Patients with chronic myeloid leukemia (CML) who have achieved a complete molecular response (CMR) defined by no detectable BCR-ABL mRNA on imatinib (IM) treatment often ask whether it is necessary for treatment to continue. We now know that approximately 40% of patients with a stable CMR for at least 2 years are able to stop IM treatment and remain in molecular remission for at least 2 years. This exciting observation has raised hopes that many patients can be cured of CML without the need for transplantation and its attendant risks. One might argue that for many patients maintenance therapy with IM or an alternative kinase inhibitor is so well tolerated that there is no imperative to stop treatment; however, chronic medical therapy may be associated with impaired quality of life and reduced compliance. Inferences about the biology of CML in patients responding to kinase inhibitors can be drawn from clinical experience, molecular monitoring data, and experimental observations. We summarize this information herein, and propose 3 possible pathways to “cure” of CML by kinase inhibitors: stem-cell depletion, stem-cell exhaustion, and immunological control.
Professor John Goldman suggested years ago that if a treatment is sufficient to prevent the progression of chronic myeloid leukemia (CML) to the advanced phase and to prevent the emergence of resistance, then the treatment can provide an “operational cure.”1 Effectively, CML responsive to imatinib (IM) might become a chronic disease requiring maintenance treatment, just as one might treat hypertension. Our own personal experience of counseling patients about IM cessation in a clinical trial suggests that some patients are comfortable with this view of their disease and feel secure on IM. However, if tyrosine kinase inhibitor (TKI) therapy is required indefinitely to maintain the operational cure of CML, then this ongoing drug exposure raises its own problems: there is a financial cost to the individual and the community, there may be chronic toxicity, and as long as there is residual disease there is at least a theoretical risk of emerging resistance.
With 5 years of follow-up < 10% of patients in the IRIS study stopped IM because of intolerable toxicity.2 Rates of discontinuation for first-line nilotinib and dasatinib are similar at ∼5% in the first year or so.3,4 This is not to say that most patients have no significant toxicity. Chronic grade 1 toxicities such as diarrhea may significantly impair quality of life, and on occasion some patients choose not to take IM to avoid such toxicities.5 Noncompliance has been identified as the single most important risk factor for loss of complete cytogenetic response in long-term IM-treated patients.6 A recent update of progression-free survival in the IRIS study shows that there may still be rare patients who progress to the accelerated phase or to blast crisis after years of IM treatment,7 and long-term compliance could be an important factor in durable disease control.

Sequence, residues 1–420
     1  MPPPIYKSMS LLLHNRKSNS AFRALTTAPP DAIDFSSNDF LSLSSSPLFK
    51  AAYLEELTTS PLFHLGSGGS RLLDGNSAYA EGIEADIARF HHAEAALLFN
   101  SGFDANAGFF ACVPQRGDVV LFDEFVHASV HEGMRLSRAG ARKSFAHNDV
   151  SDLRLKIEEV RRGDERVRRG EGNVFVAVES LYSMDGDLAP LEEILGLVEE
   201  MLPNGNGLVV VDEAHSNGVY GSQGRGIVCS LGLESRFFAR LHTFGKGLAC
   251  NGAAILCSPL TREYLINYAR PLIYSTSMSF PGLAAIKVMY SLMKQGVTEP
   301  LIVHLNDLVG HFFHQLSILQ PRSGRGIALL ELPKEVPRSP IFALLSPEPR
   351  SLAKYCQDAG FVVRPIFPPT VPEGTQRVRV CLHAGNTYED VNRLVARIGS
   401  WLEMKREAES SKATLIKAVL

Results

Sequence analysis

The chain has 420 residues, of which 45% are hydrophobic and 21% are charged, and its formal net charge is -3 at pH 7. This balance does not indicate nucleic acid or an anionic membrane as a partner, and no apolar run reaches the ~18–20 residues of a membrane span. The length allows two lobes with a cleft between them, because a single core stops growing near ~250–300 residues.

The potential for late-emerging toxicities remains unknown, given that our experience with TKI therapy spans little more than a decade, and young patients with CML may be facing many decades of exposure to an ABL kinase inhibitor. Potential concerns about cardiotoxicity with IM8 seem not to have been borne out in clinical experience to date, but other side effects may become important in the longer term, including impaired glucose tolerance with nilotinib3 and pleural effusion with dasatinib.4 While such toxicities may be manageable, they impose an additional burden of morbidity.
In recent epidemiological data, the survival of younger patients treated with IM is within 10%-20% of the life expectancy of age-matched peers.9 It is inevitable that patients should pursue other goals, such as parenthood. Patients in their reproductive years may be concerned about impaired fertility and the risk of teratogenesis. Although some women have had normal babies after conceiving on IM, in others, serious birth defects have been reported.10 For some young women with CML the question of whether it is safe to stop IM for the duration of conception and pregnancy is as important as whether the disease is ever cured.
For all of these reasons we feel that an operational cure is only a partial success, and our ultimate aim should be to give the patient long-term disease control without the need for ongoing treatment.
There already exists a curative treatment for CML. Allogeneic stem-cell transplantation (ASCT) in carefully selected younger patients may have an overall survival rate similar to that of IM-treated patients.11 However, considering the average age of CML patients at diagnosis, the availability of a well-matched sibling donor, and the variability in outcome according to transplantation center, it is clear that this option applies only to a small minority of CML patients. The potential for chronic GVHD and complications related to myeloablative transplantation conditioning regimens, such as cardiopulmonary disease and an increased risk of secondary malignancy, may reduce quality of life and overall survival in allografted patients. Several lines of evidence indicate that the curative potential of ASCT lies in an immunological GVL effect. If it were possible to harness this benefit by immunological manipulation without the toxicities of allografting this would be a major advance.